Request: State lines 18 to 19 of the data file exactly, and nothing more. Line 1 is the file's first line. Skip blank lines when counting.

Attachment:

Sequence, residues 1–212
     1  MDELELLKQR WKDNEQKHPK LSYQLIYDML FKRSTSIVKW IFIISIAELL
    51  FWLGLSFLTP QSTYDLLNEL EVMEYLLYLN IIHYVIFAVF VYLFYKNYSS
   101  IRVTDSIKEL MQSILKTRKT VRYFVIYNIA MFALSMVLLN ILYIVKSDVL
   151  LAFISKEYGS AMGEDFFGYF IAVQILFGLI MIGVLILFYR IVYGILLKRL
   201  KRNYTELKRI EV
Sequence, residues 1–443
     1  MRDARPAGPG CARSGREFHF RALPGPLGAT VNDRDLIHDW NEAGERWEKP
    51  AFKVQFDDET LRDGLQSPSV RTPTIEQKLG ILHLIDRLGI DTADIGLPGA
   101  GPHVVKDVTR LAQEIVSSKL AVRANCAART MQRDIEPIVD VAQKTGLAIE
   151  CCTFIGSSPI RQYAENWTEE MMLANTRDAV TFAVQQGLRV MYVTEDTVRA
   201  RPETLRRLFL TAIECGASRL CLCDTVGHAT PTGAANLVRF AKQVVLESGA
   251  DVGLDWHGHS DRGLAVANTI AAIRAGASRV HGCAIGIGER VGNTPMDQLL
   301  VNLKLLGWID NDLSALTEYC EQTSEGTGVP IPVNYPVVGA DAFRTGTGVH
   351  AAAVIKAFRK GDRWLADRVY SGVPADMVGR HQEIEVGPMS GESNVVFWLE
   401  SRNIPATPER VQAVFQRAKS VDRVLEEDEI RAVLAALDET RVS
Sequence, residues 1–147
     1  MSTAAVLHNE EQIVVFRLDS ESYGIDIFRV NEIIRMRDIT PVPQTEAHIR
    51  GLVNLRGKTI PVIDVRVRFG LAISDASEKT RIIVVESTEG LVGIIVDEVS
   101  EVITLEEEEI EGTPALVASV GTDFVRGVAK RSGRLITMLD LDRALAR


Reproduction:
     1  MSTAAVLHNE EQIVVFRLDS ESYGIDIFRV NEIIRMRDIT PVPQTEAHIR
    51  GLVNLRGKTI PVIDVRVRFG LAISDASEKT RIIVVESTEG LVGIIVDEVS